6. Know not thy business
It scares the #@%*! out of investors when founders do not know (or understand) their own financials. While most investors are not expecting founders to know the finest points of their financials the way a CFO with 30 years of experience might, know your numbers and understand the pressure points of your business (e.g. break-even point and what it takes to make your business profitable if it is not). Recently, when asked a fairly basic question about his business, the founder responded, “That’s really not my area or expertise.” Don’t let this be you!
7. Betting on the come
All small and even medium sized rapidly growing companies will have parts of the business that are “yet to come” such as new products, new channels, etc. However, investors are most comfortable when most of the core offerings and SKUs are already developed so that capital is used primarily to accelerate the business. Simply put: less risk of the unknown.
Here’s an example of a concerning situation: A business is showing excellent growth, both historically (>50 percent annual growth rate) and in forward-looking projections with growth capital (revenue of $5 million today growing to $30 million over five years). However, the $25 million of growth is made up of $2 million on the existing base business and $23 million of new products not yet introduced to the market. This scenario is likely too scary for most investors.
8. Mismatched returns
An individual investor might be excited about a 10 to 15 percent annual return on an angel investment that “beat the market” (even though according to one reputable source 50 percent of angel investments result in a total loss of the invested capital). However, these returns are unacceptable to an institutional investor that seeks to make one to two times their money (commonly referred to as 1x to 2x) per year they’re invested in an early(ish)-stage company. A private equity investment in a more mature and therefore less risky company is likely to seek about 2.5x total return over the life of an investment. Make sure you’ve looked at the return potential from the prospective investor’s seat including assumptions of further dilution down the road if there will be additional capital raised (and there usually is).
9. Failure of confidence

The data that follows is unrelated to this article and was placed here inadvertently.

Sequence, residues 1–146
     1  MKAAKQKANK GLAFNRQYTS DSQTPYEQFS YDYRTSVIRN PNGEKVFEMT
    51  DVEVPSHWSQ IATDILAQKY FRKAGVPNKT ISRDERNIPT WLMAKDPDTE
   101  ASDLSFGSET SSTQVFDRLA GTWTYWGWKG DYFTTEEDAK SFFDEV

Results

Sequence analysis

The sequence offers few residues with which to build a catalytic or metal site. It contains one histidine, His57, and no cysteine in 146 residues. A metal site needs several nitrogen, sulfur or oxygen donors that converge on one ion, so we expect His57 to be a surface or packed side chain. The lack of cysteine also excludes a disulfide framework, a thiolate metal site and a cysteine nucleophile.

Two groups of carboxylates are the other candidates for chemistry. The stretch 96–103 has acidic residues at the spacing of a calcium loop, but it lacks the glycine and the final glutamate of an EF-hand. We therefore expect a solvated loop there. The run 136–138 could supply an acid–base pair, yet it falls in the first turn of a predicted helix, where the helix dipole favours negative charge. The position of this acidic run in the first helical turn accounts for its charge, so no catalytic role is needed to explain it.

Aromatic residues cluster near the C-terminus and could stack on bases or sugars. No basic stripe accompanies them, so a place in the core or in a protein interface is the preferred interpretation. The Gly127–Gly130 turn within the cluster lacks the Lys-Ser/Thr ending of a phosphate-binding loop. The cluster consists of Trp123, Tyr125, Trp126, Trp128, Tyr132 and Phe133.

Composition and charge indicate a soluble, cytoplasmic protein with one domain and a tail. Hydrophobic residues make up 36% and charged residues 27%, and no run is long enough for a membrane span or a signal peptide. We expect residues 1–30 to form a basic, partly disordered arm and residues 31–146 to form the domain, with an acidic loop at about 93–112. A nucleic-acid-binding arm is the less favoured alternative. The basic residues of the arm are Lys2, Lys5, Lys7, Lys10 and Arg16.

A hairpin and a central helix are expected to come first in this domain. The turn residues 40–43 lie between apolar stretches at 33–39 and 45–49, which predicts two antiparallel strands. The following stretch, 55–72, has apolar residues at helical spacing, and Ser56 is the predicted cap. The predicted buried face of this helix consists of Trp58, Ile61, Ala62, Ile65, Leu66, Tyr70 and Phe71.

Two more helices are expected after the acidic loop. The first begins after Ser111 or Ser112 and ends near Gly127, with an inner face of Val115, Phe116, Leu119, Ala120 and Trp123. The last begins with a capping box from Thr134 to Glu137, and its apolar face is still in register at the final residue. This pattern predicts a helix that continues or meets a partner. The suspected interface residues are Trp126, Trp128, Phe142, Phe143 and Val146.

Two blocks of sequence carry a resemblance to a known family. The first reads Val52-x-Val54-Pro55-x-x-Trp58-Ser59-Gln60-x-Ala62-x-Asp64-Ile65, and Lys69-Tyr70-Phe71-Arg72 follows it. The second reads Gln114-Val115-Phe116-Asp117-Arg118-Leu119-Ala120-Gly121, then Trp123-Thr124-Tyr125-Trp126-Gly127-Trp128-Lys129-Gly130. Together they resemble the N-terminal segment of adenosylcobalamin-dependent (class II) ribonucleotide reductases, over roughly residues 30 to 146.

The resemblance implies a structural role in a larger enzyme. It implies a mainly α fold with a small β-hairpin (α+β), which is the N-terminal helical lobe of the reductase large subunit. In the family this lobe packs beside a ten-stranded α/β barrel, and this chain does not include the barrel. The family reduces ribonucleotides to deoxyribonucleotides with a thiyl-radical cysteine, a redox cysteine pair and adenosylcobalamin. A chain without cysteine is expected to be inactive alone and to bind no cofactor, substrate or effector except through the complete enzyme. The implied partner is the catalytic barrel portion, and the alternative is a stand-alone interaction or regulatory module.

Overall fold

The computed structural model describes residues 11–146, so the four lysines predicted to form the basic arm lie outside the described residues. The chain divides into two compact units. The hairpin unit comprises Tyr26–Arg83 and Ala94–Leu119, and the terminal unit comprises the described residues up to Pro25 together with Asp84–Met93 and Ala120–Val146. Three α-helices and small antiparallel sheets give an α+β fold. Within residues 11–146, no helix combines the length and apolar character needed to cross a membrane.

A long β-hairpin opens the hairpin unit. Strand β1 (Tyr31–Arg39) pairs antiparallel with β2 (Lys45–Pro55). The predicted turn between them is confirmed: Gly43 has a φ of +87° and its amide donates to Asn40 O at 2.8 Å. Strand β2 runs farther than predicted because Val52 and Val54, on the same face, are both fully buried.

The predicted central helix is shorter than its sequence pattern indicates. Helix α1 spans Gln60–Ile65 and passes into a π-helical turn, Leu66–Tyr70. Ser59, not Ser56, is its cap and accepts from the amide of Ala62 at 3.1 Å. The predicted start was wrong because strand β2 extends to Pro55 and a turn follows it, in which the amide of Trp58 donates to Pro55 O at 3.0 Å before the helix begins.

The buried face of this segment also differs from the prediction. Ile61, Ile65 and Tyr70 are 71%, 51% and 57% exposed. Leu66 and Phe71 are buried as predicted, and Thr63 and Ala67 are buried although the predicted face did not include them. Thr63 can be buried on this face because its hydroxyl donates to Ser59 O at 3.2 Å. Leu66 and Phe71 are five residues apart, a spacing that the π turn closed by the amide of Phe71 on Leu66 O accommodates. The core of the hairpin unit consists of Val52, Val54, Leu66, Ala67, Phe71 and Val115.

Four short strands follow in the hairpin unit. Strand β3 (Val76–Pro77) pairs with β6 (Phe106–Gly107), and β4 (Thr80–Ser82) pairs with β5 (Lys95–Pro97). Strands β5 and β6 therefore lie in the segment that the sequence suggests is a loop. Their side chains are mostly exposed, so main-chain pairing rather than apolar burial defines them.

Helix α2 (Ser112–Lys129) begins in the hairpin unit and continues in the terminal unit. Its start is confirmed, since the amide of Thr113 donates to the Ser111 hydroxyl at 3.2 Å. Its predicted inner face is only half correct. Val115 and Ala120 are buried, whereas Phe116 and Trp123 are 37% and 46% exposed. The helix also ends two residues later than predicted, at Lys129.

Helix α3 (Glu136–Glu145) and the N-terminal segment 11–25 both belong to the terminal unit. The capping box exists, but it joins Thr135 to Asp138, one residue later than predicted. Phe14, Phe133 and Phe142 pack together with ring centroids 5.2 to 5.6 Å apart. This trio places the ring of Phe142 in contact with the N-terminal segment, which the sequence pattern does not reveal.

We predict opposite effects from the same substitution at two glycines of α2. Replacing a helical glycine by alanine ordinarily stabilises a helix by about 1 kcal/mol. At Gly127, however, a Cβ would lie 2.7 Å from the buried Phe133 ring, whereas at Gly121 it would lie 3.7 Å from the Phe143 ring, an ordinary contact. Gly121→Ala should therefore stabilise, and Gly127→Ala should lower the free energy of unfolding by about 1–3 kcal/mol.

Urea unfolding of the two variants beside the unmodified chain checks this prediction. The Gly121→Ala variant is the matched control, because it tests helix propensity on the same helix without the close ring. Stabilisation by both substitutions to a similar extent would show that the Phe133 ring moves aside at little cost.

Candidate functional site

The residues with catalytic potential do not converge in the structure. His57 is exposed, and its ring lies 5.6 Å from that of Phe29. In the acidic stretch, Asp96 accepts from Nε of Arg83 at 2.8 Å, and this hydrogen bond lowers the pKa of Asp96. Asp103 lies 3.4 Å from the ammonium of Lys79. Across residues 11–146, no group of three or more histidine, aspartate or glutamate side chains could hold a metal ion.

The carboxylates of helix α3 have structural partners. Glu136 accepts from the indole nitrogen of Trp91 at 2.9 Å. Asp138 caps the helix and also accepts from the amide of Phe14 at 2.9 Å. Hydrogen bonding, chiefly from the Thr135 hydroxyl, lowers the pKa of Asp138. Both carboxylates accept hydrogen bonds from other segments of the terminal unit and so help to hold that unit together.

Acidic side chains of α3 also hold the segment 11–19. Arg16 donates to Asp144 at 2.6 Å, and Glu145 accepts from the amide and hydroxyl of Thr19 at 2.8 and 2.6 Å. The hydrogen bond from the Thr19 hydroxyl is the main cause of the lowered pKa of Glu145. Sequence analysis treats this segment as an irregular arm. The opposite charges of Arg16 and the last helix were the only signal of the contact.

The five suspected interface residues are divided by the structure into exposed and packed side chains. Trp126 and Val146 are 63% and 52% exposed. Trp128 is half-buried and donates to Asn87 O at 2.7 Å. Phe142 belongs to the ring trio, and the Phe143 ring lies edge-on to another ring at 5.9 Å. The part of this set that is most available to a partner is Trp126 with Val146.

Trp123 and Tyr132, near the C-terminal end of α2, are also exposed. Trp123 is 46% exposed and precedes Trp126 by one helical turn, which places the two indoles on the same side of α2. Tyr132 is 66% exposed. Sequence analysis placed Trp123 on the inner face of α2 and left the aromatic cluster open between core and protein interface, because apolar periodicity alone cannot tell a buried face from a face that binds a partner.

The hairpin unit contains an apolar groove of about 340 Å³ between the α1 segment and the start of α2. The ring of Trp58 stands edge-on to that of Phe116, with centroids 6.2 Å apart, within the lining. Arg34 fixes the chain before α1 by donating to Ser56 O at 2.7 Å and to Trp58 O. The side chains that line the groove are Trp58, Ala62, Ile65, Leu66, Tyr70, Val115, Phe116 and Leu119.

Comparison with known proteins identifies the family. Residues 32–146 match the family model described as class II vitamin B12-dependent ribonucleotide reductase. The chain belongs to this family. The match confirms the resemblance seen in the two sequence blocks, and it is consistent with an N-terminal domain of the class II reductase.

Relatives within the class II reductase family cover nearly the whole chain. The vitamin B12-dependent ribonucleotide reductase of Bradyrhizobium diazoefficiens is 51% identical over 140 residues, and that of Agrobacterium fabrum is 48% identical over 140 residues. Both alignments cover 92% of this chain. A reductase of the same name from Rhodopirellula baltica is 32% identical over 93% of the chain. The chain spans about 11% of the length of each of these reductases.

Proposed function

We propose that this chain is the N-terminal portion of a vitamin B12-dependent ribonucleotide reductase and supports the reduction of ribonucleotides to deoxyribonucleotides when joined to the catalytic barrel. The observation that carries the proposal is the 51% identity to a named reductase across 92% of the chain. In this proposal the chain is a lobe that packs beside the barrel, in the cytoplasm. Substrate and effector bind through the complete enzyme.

Most founders I know don’t intentionally set forth unachievable and unrealistic growth projections just to attract investors. However, when looking back with the benefit of hindsight most projections turn out to be considerably too aggressive despite claims of “conservative projections” and investors know this. Whether projections are conservative or not, be careful what you claim. Being credible (in all ways) is critical for an investor to back a CEO and a company.
10. Too messy
Friends and family or angel investments are the lifeblood of getting great businesses off the ground. However, they’re often structured in unusual ways, with unrealistically high valuations or with restrictive terms and agreements that make the company unattractive to new investors. It’s important to take the time to clean up your cap table, get prior debt holders to convert to equity or simplify any “out there” terms to make your company “investment friendly.” It’s worth the effort.
Finally, regardless of what stake an investor has in a company, it changes the way a founder operates even if in very minor ways. Don’t skimp in taking all the time you need to get to know a prospective investor and growth partner if they’re bringing more than just money. This is critical. But, conversely, don’t overthink the terms and structuring of an investment. The investor and the company are either quickly on the same page or not. Founders that go around and around trying to get “a better deal” will likely end up without an investment. Deal momentum is important to capitalize on and deal fatigue often proves fatal.